c.f. WCC press release of 21 May 1999
Over 40 church leaders and representatives from Eastern and Western Europe as well as from North America met in Budapest, Hungary, from 26 to 27 May to discuss the churches' response to the crisis in the Balkans region. Representatives of the churches in the Federal Republic Yugoslavia (Lutheran, Methodist, Reformed and Serbian Orthodox churches) participated in the meeting.
The consultation was jointly organized by the World Council of Churches (WCC) and the Conference of European Churches (CEC) in cooperation with the Lutheran World Federation (LWF) and the World Alliance of Reformed Churches (WARC), and was hosted by the Ecumenical Council of Churches in Hungary. The consultation benefitted from the presence of a representative of the Council
of European Bishops' Conferences (CCEE). The international ecumenical organizations have taken several initiatives in response to the crisis, including the sending of delegations to the Federal Republic of Yugoslavia, to Albania and to the Former Yugoslav Republic of Macedonia.
The main purposes of the consultation were:
- To exchange information on the churches' actions and statements
in response to the crisis in the Balkans;
- To engage in a dialogue aimed at a better understanding of the
different perceptions and positions of the churches;
- To discuss the churches' role and witness in response to the
crisis and in promoting peace.
The consultation shared in the widespread international concern about the escalation of the conflict and the reports of massive human rights violations in Kosovo, the devastating impact of the NATO airstrikes and the tragic effects on the civilian population, and the plight of almost a million refugees from Kosovo.
The consultion recognized the complex historical roots of the crisis, and the different perceptions of the nature of the conflict and of the immediate causes of the massive exodus of Kosovar Albanians.
In a context of renewed division and hostilities in Europe, the church representatives expressed their commitment to staying together in prayer and in solidarity. In this situation the churches should seek common Christian witness and action by affirming the following principles:
- To recognize the fundamental and urgent priority of negotiations as the only basis for a durable solution to the crisis, and to urge the parties to use all possible opportunities to end hostilities.
- To support initiatives which foster a peaceful and lasting resolution of the conflict, and which recognize the equal rights of all nationalities and ethnic groups to co-exist within the same territory.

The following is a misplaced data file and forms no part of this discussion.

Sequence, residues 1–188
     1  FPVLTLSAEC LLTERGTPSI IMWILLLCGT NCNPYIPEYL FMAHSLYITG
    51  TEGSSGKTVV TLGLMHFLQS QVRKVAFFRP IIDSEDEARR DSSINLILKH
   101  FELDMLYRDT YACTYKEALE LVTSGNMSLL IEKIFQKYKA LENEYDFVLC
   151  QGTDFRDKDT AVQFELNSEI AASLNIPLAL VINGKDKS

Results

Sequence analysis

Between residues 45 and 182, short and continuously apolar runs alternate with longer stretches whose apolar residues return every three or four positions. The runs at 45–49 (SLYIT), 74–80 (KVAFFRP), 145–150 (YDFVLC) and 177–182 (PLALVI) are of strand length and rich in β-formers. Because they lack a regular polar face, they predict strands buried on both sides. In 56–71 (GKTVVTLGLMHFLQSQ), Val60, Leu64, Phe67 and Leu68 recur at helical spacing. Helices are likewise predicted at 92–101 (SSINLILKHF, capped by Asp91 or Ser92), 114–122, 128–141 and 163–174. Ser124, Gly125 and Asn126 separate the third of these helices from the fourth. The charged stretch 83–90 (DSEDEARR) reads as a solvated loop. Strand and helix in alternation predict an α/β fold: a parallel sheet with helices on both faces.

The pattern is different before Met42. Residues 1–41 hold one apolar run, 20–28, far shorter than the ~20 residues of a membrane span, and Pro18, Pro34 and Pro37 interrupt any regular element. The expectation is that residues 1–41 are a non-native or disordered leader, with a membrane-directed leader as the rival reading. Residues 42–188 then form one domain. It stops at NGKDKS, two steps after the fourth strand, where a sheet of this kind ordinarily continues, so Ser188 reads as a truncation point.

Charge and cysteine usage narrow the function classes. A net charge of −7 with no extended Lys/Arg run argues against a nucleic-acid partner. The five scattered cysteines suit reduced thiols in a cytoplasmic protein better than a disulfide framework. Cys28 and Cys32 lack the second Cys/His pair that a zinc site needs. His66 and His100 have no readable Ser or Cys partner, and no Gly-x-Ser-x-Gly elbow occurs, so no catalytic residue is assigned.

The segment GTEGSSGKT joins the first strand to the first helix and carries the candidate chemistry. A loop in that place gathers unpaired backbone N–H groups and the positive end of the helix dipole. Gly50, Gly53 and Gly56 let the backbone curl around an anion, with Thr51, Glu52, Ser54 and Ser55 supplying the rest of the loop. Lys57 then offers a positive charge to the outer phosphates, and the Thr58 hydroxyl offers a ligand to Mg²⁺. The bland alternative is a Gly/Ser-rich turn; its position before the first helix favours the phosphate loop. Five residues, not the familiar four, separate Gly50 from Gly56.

- To promote the guaranteed right of return and security of all those displaced by the conflict.
- To recognize and promote the central role of the United Nations and the OSCE in any negotiated solution to the crisis.
- To contribute to the process of reconciliation and rehabilitation of communities.
- To support efforts to render justice to all victims of the conflict.
- To continue the response to the humanitarian needs of all those
affected by the crisis, through WCC/LWF ACT-Action By Churches Together and local churches and partners.
The consultation recognized the need for further dialogue and discussion of the following issues:
- The concept of "just war" and the means of peaceful resolution of conflict.
- The competing claims of national sovereignty and of humanitarian intervention.
- The relationship between religion, identity, territory and nation.
- The role which national contexts, minority/majority status and history play in the formation of perceptions.
- The identification and nature of reliable sources of information and its accurate dissemination.
Follow-up and possible future actions:
- The consultation recognized that the crisis affects the entire region of Southeastern Europe. A lasting solution will be furthered decisively if the national, ethnic, cultural and historical features can be brought into the process of European integration. In particular, the Orthodox tradition must be acknowledged as an integral part of the European heritage.
- A special expectation for follow-up focuses on the Conference of European Churches. In particular, cooperation with the CCEE and other appropriate Roman Catholic partners can be strengthened in response to the regional challenges. The framework of cooperation with the churches and ecumenical organizations in North America should also be reinforced, drawing on the experience of the churches' human rights programme.
- The creation of new instruments for a Christian response at the Southeastern Europe level should be seriously considered in order to generate and nurture a future-oriented approach, emphasizing preventive action, education, interreligious dialogue and building on existing and new networks within civil society.
For more information contact:
Karin Achtelstetter, Media Relations Officer
tel.: (+41 22) 791 6153 (office);
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1999 press updates
For photos please contact Asztalos Zoltan at MTI (Hungarian News Agency), phone: 00361 375 3691; fax: 00361 375 1084
The World Council of Churches is a fellowship of
churches, now 336, in more than 100 countries in all continents from
virtually all Christian traditions. The Roman Catholic Church is not a
member church but works cooperatively with the WCC. The highest governing
body is the assembly, which meets approximately every seven years. The WCC
was formally inaugurated in 1948 in Amsterdam, Netherlands. Its staff is
headed by general secretary Konrad Raiser from the Evangelical Church in